Well before Silence of the Lambs became a box office sensation and earned Jodie Foster an Academy Award, Michael Mann's Manhunter introduced audiences to one of cinema's most memorable villains, Dr. Hannibal Lecktor.
Based on the Thomas Harris novel, Red Dragon, and starring (pre-CSI) William Peterson as FBI profiler Will Graham, Manhunter grabs you by the throat, drags you down into the dark netherworld of serial killers and refuses to let you go. In his unmistakable style, director Mann continually ratchets up the tension and keeps you on the razor's edge, his mastery of suspense evident in every scene.
Agent Graham, suffering deep psychological damage following his pursuit and capture of Dr. Lecktor, is in self-imposed retirement. But there's another serial killer on the loose, dubbed The Tooth Fairy, who murders on the full moon, leaves bite marks on his victims, and can't be caught. Will reluctantly joins the case and uses his uncanny ability to dive deeply into the mind of his prey, hoping to nab him before the next full moon. Yet even with his prodigious talent, Graham finds himself drawn to Lecktor, seeking help. Graham knows it's a dangerous plunge he's about to take, but he has no choice. Hang on for a delightfully nerve-wracking, thrilling ride. - P.D. Crane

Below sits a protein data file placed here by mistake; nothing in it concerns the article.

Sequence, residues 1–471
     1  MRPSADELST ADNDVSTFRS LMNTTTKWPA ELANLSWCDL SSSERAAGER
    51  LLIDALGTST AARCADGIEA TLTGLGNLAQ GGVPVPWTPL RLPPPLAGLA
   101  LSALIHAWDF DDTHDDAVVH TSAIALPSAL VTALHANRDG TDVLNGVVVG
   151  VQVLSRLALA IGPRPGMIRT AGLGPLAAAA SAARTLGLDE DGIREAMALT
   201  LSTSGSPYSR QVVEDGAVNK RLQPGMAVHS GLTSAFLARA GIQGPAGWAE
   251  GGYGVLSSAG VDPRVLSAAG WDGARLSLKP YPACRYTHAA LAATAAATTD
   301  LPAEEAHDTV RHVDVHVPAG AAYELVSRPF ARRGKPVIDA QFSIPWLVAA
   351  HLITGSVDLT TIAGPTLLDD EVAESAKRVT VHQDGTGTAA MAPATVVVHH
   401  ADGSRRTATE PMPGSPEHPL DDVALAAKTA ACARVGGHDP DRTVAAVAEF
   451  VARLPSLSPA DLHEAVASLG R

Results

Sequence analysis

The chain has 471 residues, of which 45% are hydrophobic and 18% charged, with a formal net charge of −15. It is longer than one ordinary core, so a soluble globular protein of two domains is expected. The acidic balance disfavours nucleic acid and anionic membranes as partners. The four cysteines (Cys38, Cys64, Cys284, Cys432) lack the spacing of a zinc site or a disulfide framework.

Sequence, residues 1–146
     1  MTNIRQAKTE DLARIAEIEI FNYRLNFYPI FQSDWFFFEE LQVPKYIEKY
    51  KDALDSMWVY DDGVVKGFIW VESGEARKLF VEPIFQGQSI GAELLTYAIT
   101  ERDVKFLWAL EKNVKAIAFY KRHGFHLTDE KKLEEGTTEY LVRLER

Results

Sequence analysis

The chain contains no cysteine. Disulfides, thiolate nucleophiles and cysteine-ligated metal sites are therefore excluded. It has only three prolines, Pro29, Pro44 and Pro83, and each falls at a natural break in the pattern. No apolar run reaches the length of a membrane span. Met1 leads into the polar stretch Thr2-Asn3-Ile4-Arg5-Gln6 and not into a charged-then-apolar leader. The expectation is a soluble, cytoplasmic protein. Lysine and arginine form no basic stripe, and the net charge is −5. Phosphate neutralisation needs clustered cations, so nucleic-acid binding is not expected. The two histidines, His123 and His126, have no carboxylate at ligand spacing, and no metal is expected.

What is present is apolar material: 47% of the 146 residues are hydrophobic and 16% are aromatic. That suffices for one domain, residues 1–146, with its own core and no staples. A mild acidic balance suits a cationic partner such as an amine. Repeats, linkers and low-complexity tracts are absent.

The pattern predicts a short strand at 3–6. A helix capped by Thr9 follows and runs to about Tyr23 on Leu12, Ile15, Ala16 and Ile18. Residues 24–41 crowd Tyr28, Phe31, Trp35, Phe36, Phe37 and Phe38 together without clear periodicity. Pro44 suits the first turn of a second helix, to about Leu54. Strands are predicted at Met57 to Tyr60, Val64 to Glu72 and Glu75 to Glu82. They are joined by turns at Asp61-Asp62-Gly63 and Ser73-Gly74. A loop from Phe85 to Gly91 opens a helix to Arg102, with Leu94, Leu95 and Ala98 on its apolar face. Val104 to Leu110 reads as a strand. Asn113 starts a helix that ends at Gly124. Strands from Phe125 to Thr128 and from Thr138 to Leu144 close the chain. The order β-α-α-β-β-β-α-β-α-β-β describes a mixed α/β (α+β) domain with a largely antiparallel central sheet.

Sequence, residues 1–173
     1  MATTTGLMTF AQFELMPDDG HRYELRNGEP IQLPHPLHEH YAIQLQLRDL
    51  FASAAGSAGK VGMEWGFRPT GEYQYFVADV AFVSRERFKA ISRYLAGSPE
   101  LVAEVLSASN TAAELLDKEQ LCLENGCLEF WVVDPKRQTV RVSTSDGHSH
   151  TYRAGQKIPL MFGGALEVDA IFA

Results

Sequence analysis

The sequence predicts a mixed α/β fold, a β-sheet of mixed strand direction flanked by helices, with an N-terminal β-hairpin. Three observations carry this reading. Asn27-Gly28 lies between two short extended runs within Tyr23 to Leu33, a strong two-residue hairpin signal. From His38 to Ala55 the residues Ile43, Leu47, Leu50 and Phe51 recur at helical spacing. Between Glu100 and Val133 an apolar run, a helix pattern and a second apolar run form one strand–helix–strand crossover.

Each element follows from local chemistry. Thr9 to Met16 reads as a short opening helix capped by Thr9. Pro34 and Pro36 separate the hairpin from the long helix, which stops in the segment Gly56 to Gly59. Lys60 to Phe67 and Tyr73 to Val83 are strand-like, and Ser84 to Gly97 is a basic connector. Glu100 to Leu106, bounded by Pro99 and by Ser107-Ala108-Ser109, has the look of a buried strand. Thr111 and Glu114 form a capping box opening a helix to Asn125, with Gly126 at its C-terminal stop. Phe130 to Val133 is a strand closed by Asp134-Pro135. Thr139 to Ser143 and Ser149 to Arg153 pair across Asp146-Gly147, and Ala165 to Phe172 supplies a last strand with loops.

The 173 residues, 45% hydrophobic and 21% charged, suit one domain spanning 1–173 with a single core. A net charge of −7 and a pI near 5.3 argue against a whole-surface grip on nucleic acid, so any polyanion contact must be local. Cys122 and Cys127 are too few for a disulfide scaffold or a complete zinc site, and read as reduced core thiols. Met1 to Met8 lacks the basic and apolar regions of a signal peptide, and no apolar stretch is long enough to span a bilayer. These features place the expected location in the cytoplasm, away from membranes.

Owen Gleiberman - In 1970s Ann Arbor, Michigan, Owen Gleiberman would frequently venture into the city’s downtown and immerse himself in its thriving counter culture. Even at twelve years old, he had a precocious sensitivity to the dramatic changes he saw taking place, not only in politics (he carried around a transcript of the Chicago Seven trial), but also with fashion, music, art, theater, and film. The hippie energy and daring were forging a new pathway for the country and the Ann Arbor scene was at the vanguard of this exciting movement. Most importantly for Gleiberman, the era forged a new and different way of seeing.
As a freshman, turned on by the numerous film societies at Michigan, Gleiberman began writing reviews for the university’s The Daily Michigan. Following graduation, with an assist from Pauline Kael, he landed a job as film critic for the Boston Phoenix, then moved on to become Entertainment Weekly’s primary reviewer in 1990. In 2004, Gleiberman took a few months off from EW before heading up film criticism at bbc.com. Though initially saddened that he no longer worked for EW, his many loyal readers eagerly followed his new postings. At bbc.com, with reviews twice as long as EW’s, Gleiberman has been able to fully "spread his wings" and explore the broader, deeper aspects of any given film. His new way of seeing infuses his criticism with intelligence, wit, insight, and artistic sensibility. His is a mature, yet playful, perspective, drawn from life-long experience, while still containing the delightful, wide-eyed enthusiasm of that downtown Ann Arbor middle-schooler. Cinequest is honored to present Owen Gleiberman with its Media Legacy Award.